MOSCOW (Reuters) - Spartak Moscow owner Leonid Fedun said on Wednesday he was finding it increasingly difficult to manage the club but insisted he would not sell it.
The Russian central bank’s rescue last month of Otkritie bank, a Spartak sponsor, raised questions about the club’s finances and speculation that Fedun could be forced to reassess his ownership.
Fedun, the deputy head of oil giant Lukoil (LKOH.MM) and an Otkritie shareholder, said the bank’s situation would not affect the club and its ownership.
“I won’t offer Spartak to anyone,” said Fedun at the Reuters Russia Investment Summit.
He added, however, that Spartak had garnered interest from investors but that none of them had made any serious proposals.
Spartak won their first Russian Premier League title in 16 years last season but are off to a tepid start this year, winning only three of 10 matches.
Despite stressing he had no desire to sell the club, Fedun conceded he was finding it increasingly difficult to deal with the psychological pressures of owning one of Russia’s most prestigious teams.
“It’s more and more difficult to carry this on my own, first of all from a psychological point of view,” he said.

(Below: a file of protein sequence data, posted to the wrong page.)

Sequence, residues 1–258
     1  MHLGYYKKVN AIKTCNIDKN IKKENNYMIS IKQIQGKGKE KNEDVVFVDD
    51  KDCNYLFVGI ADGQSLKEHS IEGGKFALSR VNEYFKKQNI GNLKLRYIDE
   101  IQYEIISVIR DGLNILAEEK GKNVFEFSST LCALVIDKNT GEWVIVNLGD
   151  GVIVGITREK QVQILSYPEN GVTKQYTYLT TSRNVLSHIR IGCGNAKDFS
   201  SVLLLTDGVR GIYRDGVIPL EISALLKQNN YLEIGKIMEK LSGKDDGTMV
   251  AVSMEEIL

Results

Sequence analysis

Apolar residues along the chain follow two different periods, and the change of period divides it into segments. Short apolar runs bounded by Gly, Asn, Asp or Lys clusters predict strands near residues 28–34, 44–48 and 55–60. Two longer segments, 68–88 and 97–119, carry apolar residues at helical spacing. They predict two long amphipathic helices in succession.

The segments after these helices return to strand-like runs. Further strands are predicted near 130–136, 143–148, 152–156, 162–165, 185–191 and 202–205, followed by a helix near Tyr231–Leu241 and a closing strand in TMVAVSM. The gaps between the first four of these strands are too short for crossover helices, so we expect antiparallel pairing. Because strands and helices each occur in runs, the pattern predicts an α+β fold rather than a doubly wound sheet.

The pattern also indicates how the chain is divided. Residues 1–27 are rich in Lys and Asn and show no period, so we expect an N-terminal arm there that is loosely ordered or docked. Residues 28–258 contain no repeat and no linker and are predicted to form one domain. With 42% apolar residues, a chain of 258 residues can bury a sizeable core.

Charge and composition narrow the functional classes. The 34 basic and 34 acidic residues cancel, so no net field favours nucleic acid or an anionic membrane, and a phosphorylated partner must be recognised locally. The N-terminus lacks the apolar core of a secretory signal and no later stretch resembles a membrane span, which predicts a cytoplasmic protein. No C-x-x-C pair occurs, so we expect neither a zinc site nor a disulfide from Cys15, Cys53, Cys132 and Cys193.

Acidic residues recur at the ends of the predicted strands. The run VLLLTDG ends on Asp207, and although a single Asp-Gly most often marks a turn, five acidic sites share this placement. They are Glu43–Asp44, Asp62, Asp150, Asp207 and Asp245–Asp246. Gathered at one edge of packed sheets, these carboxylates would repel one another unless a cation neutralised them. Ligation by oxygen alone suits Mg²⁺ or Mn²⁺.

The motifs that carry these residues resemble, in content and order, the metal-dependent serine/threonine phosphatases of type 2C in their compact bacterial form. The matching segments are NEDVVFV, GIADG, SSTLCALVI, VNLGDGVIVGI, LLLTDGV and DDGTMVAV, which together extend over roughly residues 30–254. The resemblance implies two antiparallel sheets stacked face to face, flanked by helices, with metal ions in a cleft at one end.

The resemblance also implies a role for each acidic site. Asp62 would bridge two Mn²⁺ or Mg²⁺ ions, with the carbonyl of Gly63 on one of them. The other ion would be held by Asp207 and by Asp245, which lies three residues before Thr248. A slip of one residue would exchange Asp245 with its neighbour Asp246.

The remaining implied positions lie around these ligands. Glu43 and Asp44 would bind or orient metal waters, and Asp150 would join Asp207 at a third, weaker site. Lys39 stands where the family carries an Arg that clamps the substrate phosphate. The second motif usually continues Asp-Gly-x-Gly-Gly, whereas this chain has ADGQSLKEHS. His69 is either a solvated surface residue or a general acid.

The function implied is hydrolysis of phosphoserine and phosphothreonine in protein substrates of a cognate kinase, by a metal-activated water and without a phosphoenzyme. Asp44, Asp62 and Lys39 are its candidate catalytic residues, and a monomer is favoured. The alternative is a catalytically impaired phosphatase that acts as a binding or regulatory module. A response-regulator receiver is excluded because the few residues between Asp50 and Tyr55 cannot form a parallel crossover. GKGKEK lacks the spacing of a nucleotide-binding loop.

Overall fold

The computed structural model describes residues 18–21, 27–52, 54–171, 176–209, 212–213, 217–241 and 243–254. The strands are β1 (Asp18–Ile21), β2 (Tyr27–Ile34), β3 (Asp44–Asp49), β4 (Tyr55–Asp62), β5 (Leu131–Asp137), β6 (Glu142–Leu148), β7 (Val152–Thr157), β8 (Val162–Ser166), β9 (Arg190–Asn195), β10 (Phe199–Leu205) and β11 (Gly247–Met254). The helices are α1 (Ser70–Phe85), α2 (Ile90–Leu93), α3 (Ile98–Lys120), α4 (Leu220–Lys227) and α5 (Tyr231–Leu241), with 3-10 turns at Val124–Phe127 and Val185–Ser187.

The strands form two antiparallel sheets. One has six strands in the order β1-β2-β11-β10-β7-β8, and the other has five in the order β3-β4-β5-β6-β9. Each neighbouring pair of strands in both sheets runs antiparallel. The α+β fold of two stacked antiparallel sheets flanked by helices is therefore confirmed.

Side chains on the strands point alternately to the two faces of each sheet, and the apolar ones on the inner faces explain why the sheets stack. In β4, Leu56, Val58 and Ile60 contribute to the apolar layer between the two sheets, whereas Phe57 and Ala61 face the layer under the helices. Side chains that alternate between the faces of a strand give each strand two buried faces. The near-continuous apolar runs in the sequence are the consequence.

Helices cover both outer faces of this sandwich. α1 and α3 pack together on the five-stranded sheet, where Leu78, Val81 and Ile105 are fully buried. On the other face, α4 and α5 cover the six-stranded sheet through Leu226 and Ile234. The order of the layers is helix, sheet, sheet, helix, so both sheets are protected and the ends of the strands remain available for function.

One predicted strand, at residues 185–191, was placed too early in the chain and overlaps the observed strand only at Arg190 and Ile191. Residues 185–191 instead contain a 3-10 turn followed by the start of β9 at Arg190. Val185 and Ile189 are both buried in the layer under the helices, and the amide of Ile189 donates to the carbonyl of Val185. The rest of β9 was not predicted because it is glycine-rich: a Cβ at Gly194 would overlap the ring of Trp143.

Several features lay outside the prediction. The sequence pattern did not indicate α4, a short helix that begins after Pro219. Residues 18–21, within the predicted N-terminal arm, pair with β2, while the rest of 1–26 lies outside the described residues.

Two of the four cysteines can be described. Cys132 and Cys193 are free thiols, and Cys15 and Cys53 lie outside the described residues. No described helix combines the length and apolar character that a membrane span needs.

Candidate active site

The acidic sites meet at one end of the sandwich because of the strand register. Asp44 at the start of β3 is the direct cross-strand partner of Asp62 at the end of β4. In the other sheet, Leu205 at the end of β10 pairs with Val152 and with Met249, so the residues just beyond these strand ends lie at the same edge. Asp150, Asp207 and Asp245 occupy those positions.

“Two weeks ago everything was fine, you were the hero. After your first loss, they start throwing dirt at you. And it’s very difficult to be constantly stressed for 16 years.”
Fedun did not disclose the club’s budget but said it was equivalent to that of the “top two or three teams of England’s Championship”.
He said Spartak could not compete with European clubs for the acquisition of elite players because salaries had skyrocketed.
“We are witnessing huge inflation in soccer,” he said. “In these conditions, it is impossible to compete with the West with Russian means.”
Spartak face Liverpool in their second Champions League Group E match on September 26 in Moscow. They drew Slovenia’s Maribor 1-1 in their opening match last week.
Reporting by Olesya Astakhova and Oksana Kobzeva; Writing by Gabrielle Tétrault-Farber; Editing by Robin Pomeroy